Net Neutrality ends Monday

The Federal Communications Commission rollback of net neutrality went into effect today. FCC Chairman Ajit Pai championed the move while commissioner Jessica Rosenworcel opposed

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The Federal Communications Commission's rules preventing Internet service providers from blocking or slowing legal traffic, or charging for faster delivery of some content, passed with much fanfare in 2015, are history as of Monday.

There are a few states that are battling the repeal of net neutrality within their own governments, both NY and Washington have already passed legislation that stops or discourages internet providers from favoring content. California is now in the process of passing a similar law, which will give users stricter protections that those under the Obama Era net neutrality rules.

A coalition of pro net-neutrality organizations has named Monday, June 11, as "Neutrality Action Day", and they're encouraging members to spread their messages on social media and contact their local representatives in the House. "In 2015, the FCC stripped the FTC-the nation's premier consumer protection agency- of its authority over internet service providers". Companies that pay more are essentially given higher priority. Pai's administration announced its initial review of net neutrality practices over the summer, prompting tech companies like reddit and Netflix to simulate a slower Internet.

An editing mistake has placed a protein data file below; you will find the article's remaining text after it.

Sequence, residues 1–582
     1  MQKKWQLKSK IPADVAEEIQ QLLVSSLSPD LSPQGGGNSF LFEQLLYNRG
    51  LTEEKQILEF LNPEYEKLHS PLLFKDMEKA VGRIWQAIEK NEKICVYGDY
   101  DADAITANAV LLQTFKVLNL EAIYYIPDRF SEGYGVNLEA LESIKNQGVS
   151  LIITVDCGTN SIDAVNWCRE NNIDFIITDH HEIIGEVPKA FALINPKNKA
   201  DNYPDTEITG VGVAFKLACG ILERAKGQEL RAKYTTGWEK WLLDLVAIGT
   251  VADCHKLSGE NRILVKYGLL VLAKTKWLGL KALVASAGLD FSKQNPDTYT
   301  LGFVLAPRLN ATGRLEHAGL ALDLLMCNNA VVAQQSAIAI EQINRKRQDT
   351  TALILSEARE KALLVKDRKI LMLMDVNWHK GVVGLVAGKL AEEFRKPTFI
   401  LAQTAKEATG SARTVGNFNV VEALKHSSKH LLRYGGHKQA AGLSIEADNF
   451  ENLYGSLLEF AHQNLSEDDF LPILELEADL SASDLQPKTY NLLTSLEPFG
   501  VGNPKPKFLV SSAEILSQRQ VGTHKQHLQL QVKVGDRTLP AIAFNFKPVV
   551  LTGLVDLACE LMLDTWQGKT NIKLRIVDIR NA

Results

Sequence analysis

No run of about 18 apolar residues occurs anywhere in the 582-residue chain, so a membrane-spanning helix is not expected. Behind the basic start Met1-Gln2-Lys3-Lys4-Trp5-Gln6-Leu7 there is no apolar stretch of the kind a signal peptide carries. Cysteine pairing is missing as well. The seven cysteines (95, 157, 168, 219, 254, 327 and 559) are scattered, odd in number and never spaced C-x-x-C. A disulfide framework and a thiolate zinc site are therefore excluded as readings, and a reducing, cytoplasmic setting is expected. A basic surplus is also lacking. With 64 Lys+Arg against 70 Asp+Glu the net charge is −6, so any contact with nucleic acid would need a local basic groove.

To put it simply, internet service providers could start charging companies to ensure their content loads at a decent speed, which is very important if a company is to be successful online. Some states are moving to restore net neutrality, and lawsuits are pending.

Washington and OR have gone farther, and passed laws that require all ISPs within their borders to offer net neutrality protections.

The law was repealed in December by the Federal Communications Commission, but it only came into effect today.

Greer predicts that ISPs will first create packages that seem favorable to consumers, such as providing one of their own services for free while tacking on a fee for a rival service. Or they could block websites or apps that offer competing services to their own.

It was put in place by the Obama Administration but President Trump made a decision to scrap the rule in December.

Broadband companies have said that they will still continue to uphold the Net Neutrality principles but some Net Neutrality supporters say that it's not enough to just trust all the companies.

E-commerce start-ups have feared that they could end up on the losing end of paid prioritization, with their websites and services loading more slowly than those run by internet behemoths. Per the net neutrality order, states can not enact any legislation that attempts to circumvent the repeal. As a result, the internet could become more like the TV networks, where you pay for different packages of internet services. So far, Oregon, Vermont and Washington have passed net neutrality legislation and California's Senate passed a net neutrality bill last month.

Another misleading ISP claim is that they want to get rid of Title II, and not net neutrality rules in general.

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